In the Community
How Grid United is Modernizing America’s Energy Grid and Strengthening Rural Communities in Montana. Is That Even Possible?
July 26, 2023
Here’s a potentially existential problem that few people ever think about: the United States doesn’t have a single, unified national power grid, and the three grids that we do have—East, West and Texas—are old and inefficient. As things now stand, we are vulnerable to freezes and heat waves and do not have the ability to transmit surplus power to where it is needed when there’s an emergency.
That’s where Grid United comes in. They’re building high-efficiency, high-powered transmission lines connecting the eastern and western grids. Think of it as the stitching together of America’s energy continental divide.
The rubber meets the road for this undertaking with the North Plains Connector (NPC), a 385-mile transmission line that connects the two grids between eastern Montana and western North Dakota and runs through three rural counties in Montana—Rosebud, Custer, and Fallon—with a combined population of less than 25,000.
Infrastructure projects can be a big change for rural communities. However, Grid United is dedicated to the well-being and vitality of the communities through which NPC is routed and has developed a grant program called the Community Investment Program (CIP), which was established at and is managed by the Montana Community Foundation (MCF).
The first grants from the CIP were awarded in mid-July and totaled $232,434 to support innovative projects in Rosebud, Custer, and Fallon Counties. The goal of the grants is to support work that enhances and strengthens the host communities. The organizations to which grants have been awarded include everything from helping a local Moose Lodge make ADA upgrades to provide a free community gathering space to helping an organization address urgent needs around the Missing and Murdered Indigenous People (MMIP) crisis to equipping a library with computers and mobile routers to bridge the digital divide.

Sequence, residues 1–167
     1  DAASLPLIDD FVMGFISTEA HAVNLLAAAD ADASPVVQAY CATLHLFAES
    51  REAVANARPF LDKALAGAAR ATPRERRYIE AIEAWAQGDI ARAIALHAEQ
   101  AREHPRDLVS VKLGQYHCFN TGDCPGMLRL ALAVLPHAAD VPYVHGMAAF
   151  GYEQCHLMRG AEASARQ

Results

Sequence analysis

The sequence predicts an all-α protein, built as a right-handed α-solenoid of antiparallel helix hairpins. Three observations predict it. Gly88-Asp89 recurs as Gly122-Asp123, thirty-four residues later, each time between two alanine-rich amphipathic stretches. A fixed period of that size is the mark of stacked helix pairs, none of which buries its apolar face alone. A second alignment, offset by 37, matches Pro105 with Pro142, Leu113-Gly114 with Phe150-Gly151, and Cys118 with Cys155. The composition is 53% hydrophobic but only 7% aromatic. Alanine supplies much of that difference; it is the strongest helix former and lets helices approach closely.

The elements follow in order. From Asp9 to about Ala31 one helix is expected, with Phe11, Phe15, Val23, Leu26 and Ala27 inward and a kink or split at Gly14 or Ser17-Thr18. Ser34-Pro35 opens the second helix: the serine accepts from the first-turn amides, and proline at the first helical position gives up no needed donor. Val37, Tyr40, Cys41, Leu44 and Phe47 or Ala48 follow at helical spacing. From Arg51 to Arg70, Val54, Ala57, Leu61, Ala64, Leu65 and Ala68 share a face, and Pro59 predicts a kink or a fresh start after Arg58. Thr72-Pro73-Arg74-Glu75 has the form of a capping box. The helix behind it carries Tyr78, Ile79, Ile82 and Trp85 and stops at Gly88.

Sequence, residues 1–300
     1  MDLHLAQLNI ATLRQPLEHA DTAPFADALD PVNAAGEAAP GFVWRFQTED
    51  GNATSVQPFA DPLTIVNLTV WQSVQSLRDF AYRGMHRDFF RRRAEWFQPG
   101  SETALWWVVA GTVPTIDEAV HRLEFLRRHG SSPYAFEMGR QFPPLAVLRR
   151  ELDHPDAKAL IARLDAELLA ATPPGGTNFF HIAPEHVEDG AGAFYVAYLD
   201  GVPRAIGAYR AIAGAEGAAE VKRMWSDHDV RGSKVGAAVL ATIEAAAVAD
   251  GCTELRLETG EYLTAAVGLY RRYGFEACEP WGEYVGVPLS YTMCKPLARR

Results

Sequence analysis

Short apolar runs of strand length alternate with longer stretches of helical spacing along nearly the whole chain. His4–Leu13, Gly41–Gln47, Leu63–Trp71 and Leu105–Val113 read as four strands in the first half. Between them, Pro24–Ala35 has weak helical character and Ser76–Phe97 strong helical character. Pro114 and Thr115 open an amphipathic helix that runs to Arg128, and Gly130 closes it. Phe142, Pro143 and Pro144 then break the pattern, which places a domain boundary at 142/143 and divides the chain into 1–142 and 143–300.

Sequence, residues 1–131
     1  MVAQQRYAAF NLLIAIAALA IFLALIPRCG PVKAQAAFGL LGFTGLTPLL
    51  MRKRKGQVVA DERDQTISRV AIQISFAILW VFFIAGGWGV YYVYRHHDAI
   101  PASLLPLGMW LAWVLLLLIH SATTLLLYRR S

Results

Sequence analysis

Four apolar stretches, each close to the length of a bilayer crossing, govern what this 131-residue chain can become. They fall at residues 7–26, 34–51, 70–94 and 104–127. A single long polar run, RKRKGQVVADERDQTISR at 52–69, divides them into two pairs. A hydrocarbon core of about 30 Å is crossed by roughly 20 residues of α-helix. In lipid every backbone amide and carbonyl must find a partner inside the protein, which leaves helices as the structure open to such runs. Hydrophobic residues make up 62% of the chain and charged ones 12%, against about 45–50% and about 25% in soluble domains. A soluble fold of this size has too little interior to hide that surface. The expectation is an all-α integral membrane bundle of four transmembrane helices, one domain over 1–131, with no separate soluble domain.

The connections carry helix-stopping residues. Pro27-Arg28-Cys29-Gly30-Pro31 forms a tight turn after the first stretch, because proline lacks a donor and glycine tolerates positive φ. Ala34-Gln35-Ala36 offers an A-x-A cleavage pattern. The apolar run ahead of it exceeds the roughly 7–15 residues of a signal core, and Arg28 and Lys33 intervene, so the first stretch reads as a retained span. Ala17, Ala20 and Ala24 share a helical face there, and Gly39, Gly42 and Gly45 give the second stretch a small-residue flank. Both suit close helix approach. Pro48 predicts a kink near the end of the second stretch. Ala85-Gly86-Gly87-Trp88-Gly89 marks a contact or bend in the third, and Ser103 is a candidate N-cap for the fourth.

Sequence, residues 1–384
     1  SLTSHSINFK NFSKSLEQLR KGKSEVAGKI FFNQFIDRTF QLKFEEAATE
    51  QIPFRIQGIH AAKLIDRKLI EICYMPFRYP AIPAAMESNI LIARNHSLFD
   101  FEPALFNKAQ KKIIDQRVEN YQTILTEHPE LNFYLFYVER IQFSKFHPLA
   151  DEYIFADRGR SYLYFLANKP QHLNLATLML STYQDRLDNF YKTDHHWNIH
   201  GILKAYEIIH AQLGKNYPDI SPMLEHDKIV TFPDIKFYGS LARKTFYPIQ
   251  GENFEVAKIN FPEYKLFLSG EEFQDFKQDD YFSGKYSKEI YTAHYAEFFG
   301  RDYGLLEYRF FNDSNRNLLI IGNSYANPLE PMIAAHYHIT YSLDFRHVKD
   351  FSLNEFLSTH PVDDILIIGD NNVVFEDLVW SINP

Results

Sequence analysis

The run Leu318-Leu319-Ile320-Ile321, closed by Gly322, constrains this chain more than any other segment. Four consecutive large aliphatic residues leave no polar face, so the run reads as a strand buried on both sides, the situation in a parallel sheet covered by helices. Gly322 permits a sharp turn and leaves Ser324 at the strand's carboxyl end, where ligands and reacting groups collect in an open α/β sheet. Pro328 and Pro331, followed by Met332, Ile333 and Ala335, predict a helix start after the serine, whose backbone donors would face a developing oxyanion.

“We are thrilled to have received one of the Community Investment Program’s grants,” said Yvonne Redding, Director of the Rosebud County Library, which received money for chrome books, laptops and hotspots. “These funds will allow us to provide Rosebud County residents with free access and training using the latest technology, which will only strengthen our community.”
Why is Grid United so focused on helping small towns? “Rural communities are the heartbeat of America, and a large part of our development approach is to work closely with local stakeholders to ensure our projects bolster the areas through which they’re routed,” said Michael Skelly, Chief Executive Officer of Grid United. “We couldn’t be more pleased with the first round Community Investment Program grant recipients, and we look forward to working with the Montana Community Foundation as well as Rosebud, Custer, and Fallon Counties to identify impactful initiatives for our future grant cycles.”
The CIP holds two grant cycles a year. The second grant cycle is now underway with an application deadline of November 1, 2023. Eligible applicants must be either a 501(c)(3) nonprofit or government entity. Individuals and for-profit organizations are ineligible; however, individuals and for-profit organizations may apply through a fiscal sponsor that is eligible. Grant requests are reviewed by Community Advisory Committees in Rosebud, Custer, and Fallon Counties.
Additional information on the CIP program, including the application, can be found here.
“We are honored that Grid United has partnered with us on this high impact community program” said Mary Rutherford, MCF’s President and Chief Executive Officer. “These funds help address important community needs.”
CIP grants will have a positive long-term impact. The Baker Chamber Recreations Department received funding for equipment that, according to Melissa Higbee, the Chambers Executive Director, will target youth development, character and well-being by keeping them active. “The Community Investment Program is helping rural communities, like Baker, create a better tomorrow.”
July 2023 Grantees
- $15,000 Forsyth Public Schools
- $2,900 Pretty Eaglewoman Resource
- $10,300 Rosebud County Library
- $20,300 Colstrip Moose Lodge 2190
- $9,198 Custer County Food Bank
- $9,000 Custer County Firefighter Association
- $20,000 Kiwanis Foundation of Montana
- $5,000 Miles City Area Chamber of Commerce
- $19,466 Miles City Public Library
- $34,500 Miles Community College
- $2,000 Montana Health Network